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Addressing the challenges of access to new cancer medications

Kate Vines – Head of Patient Care, Rare Cancers Australia – Access must be a priority

As the Head of Patient Care for Rare Cancers Australia, Kate Vines talks with cancer patients daily. Some of the hardest conversations she has in her job has are with people facing the challenge of getting access to a new drug which hasn’t been listed on the Pharmaceutical Benefits Scheme (PBS).

In these moments, patients are often left weighing up their choices sometimes being forced into finical hardship to get access to treatment that haven’t yet been listed on the PBS. Which is why the members of the Medicines Australia’s Oncology Industry Taskforce (OIT) are united in their commitment to work collaboratively with Government, clinicians, and patients to address the challenge of access to cancer medicines.

This video has been made as part of the release by Deloitte Access Economics of its Access to Cancer Medicines in Australia report. To find out more, and to read the report in full, click here.

Richard Vines – Chairman, Rare Cancers Australia – Funding medicines is what the community expects

With increasing uncertainty around the valuation of medicines, Richard Vines (Chairman of Rare Cancers Australia) believes we need to “get clever” with how we’re using medical data.

Real-world data refers to observational health care information collected outside of randomised controlled trials. It can come from registries, electronic health records, and administrative data sets.

Cancer stakeholder groups recognise the need for data to drive and inform decisions and support greater investment in the area of real-world evidence. According to Richard, “if we get better at collecting data in the real world we can have a huge impact” and hopefully get new treatments into the hands of patients sooner.

This video has been made as part of the release by Deloitte Access Economics of its Access to Cancer Medicines in Australia report. To find out more, and to read the report in full, click here.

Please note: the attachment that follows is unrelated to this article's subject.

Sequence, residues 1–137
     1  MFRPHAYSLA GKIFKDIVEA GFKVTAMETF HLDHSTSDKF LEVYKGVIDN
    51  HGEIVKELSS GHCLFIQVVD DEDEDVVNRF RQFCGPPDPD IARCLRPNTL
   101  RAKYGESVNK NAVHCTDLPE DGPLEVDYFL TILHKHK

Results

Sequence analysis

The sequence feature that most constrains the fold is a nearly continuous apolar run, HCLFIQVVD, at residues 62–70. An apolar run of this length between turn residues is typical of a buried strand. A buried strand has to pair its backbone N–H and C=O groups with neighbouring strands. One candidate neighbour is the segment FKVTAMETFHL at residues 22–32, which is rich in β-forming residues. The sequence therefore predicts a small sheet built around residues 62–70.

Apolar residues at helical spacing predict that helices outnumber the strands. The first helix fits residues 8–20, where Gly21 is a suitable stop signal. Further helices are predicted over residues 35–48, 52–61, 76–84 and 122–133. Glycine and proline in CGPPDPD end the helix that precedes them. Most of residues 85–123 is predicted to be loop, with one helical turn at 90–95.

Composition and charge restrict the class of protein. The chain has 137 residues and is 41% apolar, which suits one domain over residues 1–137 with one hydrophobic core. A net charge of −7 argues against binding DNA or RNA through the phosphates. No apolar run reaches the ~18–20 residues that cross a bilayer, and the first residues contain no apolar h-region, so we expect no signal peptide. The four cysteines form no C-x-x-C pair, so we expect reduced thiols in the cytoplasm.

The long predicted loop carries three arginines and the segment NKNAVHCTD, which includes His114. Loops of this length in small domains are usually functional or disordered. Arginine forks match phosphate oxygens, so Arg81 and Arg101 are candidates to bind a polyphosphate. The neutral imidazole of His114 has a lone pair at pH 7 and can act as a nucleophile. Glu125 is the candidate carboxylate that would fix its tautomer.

Professor John Zalcberg, Head, Cancer Research Program, Monash University

In an operating environment of increasing complexity, Professor John Zalcberg (Head, Cancer Research Program, Monash University) says one thing is clear: “everybody wants the same thing… to see patients benefit from the new treatment options”.

To address the challenge posed by ensuring equitable access to new cancer medications Government, clinicians and patients must work together. In the last 20 years we have seen a number of innovative medicines made available to Australians and in the next decade this number will increase exponentially. In line with these advances, Australian communities have benefited from increasing precision and reduced toxicity in cancer treatments, resulting in significant gains to overall survival and quality of life.

With more new and novel treatments coming in the next decade, timely, affordable and equitable patient access to new cancer medicines via the Pharmaceutical Benefits Scheme is a priority for the Oncology Industry Taskforce and Medicines Australia. By working together Professor Zalcberg is confident we can “turn cancer into a chronic disease rather than a death sentence”.

This video has been made as part of the release by Deloitte Access Economics of its Access to Cancer Medicines in Australia report. To find out more, and to read the report in full, click here.

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